Comfort Zones

There is peace to be found in a comfort zone. It is where one can feel relaxed enough to let go of their stress, to rest, to heal, to pray without worry of ridicule or persecution. The comfort zone is welcoming for those who are weary. It is like a tent for warriors who need R&R on the battlefield, where they can lay down their sword for a few and regain their strength.

Comfort zones are needed when we are consumed by grief having just lost someone dear to us. They are needed when we’ve spent the day so overwhelmed with stress at work it took everything in us not to burst with anger, tears, and other raw emotions. It’s going to a friend’s home or meeting with your bible study group, because after a week of dealing with people who oppose your faith you need someone to understand you, when you need someone to lean on while you rest.

Another added feature is when you need to step back and contemplate a situation. Comfort zones allow us to set everything down (fear, worry, frustrations, etc.) so that we can examine something with our full attention. There are several instances that are better mulled over than reacted to instantly just to provide a quick response. To be able to think things through unhindered allows us to make the wisest decisions because it gives us time to pray about it and to listen to God’s advice. And, for some of us, our comfort zones are the main place to do that.

HOWEVER (and this is a big ‘however’; WordPress won’t let it get bigger than that), comfort zones aren’t meant to be lived in. They aren’t apartments or houses; they are tents. They are meant to be temporary. We cannot grow in our faith if we do not step outside our comfort zones. Sure, we can read scripture several times over from our zones, yet — as James put it — faith without action is dead.

“What good is it, my brothers and sisters, if someone claims to have faith but has no deeds? Can such faith save them? Suppose a brother or a sister is without clothes and daily food. If one of you says to them, “Go in peace; keep warm and well fed,” but does nothing about their physical needs, what good is it? In the same way, faith by itself, if it is not accompanied by action, is dead.”

James 2:14-17

Yes, we can pray and read scripture all day long from our homes, but praying for someone is only half the battle. Please don’t misinterpret my meaning here, because I’m a strong and firm believer in the power of prayer. To quote my pastor, though, “sometimes you have to put feet on your prayers”. There is a song called ‘Do Something’ by Matthew West and he talks about seeing those who are going hungry, those who have to drink filthy water because they have nothing else, and knowing there were children being sold into slavery. He sang that he prayed ‘God, why don’t you do something?’ and God replied, ‘I did. I created you’.

God answers prayers and sometimes those answers are you. If you want to grow in your prayer life and be the prayer warrior like those in your church (or even like Pricilla Shirer) you must first step out of your comfort zone and learn to pray out loud. If you want to start a ministry and help those in sex trafficking, you’ve got to get your hands dirty. If you want to minister to your neighbor, you’ve got to stop avoiding the outreach team during an event and gain some experience talking to people and loving on them.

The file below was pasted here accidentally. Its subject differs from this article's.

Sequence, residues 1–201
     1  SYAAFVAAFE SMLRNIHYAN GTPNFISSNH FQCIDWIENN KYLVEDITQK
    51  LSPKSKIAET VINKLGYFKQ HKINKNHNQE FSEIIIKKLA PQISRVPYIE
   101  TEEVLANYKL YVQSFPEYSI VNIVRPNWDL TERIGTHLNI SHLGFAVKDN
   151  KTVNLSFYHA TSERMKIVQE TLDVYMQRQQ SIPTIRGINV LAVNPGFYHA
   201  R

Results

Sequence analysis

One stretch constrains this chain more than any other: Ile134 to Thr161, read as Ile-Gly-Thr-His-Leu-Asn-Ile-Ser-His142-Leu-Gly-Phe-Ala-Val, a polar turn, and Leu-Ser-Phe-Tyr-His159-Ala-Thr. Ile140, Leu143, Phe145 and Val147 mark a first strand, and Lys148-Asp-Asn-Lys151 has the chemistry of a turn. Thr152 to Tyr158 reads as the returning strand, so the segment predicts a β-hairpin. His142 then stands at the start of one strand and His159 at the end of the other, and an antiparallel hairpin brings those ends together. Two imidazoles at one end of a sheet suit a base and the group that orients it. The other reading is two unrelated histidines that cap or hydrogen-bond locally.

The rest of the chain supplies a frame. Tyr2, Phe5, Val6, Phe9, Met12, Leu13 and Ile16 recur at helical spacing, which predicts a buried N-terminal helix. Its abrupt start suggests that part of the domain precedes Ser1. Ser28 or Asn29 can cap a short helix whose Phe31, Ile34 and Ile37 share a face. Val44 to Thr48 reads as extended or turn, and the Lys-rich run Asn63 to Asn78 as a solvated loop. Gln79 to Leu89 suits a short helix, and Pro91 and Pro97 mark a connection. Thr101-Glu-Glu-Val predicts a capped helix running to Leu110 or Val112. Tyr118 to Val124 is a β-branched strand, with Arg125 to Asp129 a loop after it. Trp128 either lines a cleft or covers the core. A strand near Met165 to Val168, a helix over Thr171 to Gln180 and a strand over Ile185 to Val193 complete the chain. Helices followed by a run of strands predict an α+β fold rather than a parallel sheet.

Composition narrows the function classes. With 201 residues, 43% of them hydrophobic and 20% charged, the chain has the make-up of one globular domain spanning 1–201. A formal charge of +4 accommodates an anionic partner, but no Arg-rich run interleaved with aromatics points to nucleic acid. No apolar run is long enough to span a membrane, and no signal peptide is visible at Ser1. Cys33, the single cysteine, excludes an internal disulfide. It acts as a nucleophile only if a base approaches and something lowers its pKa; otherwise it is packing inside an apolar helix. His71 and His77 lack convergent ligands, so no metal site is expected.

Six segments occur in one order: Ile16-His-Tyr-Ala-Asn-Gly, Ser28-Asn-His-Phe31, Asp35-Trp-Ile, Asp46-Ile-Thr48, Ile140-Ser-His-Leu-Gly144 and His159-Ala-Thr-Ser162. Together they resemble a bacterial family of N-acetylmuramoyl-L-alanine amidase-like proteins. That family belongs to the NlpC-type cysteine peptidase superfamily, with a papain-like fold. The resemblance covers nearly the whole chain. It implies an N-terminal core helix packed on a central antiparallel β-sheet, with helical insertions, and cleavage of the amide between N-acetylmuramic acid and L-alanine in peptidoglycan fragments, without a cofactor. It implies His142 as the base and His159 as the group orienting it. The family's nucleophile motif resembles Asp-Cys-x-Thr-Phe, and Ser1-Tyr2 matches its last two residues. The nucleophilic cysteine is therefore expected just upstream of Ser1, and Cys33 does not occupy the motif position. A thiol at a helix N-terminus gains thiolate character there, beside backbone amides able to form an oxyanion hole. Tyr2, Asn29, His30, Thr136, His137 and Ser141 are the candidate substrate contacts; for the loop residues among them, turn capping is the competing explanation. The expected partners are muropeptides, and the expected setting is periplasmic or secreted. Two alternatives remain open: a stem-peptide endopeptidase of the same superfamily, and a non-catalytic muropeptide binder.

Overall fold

There are so many people who were called out of their comfort zones in the Bible. Jeremiah, Peter, and Elisha are just to name a few (Elisha has a really awesome story; you should check it out sometime if you haven’t). God was able to do amazing things through them, all because they were willing to take a leap of faith and step out of their comfort zones. Sadly, though, not everyone was willing when called:

“As they were walking along the road, a man said to him, “I will follow you wherever you go.”

Jesus replied, “Foxes have dens and birds have nests, but the Son of Man has no place to lay his head.”

He said to another man, “Follow me.”

But he replied, “Lord, first let me go and bury my father.”

Jesus said to him, “Let the dead bury their own dead, but you go and proclaim the kingdom of God.”

Still another said, “I will follow you, Lord; but first let me go back and say goodbye to my family.”

Jesus replied, “No one who puts a hand to the plow and looks back is fit for service in the kingdom of God.”

Luke 9:57-62

These men had a chance to follow Jesus but didn’t because their refused to step out of their comfort zone. They missed out on getting to know Jesus while he was on earth when so many of us today wish we could have been like Peter and got to see Him face to face. When we refuse to step out of our comfort zones to experience the adventure God is calling us on we end up missing the blessings that come with that journey. The Lord did not provide comfort so we could relish in it and become lazy. No, He provided comfort so we can rest and heal.

As this post comes to an end, I want to thank you for taking the time to read it. I also wish to challenge you to step outside your comfort zone at least once this week and see how God moves. He promises to take care of us, so we have nothing to fear. I pray when you take that brave step outside your zone you can feel His presence so strongly that fear doesn’t chase you back into it. Be brave, my friends, and trust in the Lord. Let’s be amongst the few.

“Jesus went through all the towns and villages, teaching in their synagogues, proclaiming the good news of the kingdom and healing every disease and sickness. When he saw the crowds, he had compassion on them, because they were harassed and helpless, like sheep without a shepherd. Then he said to his disciples, “The harvest is plentiful but the workers are few. Ask the Lord of the harvest, therefore, to send out workers into his harvest field”.”

Matthew 9:35-38

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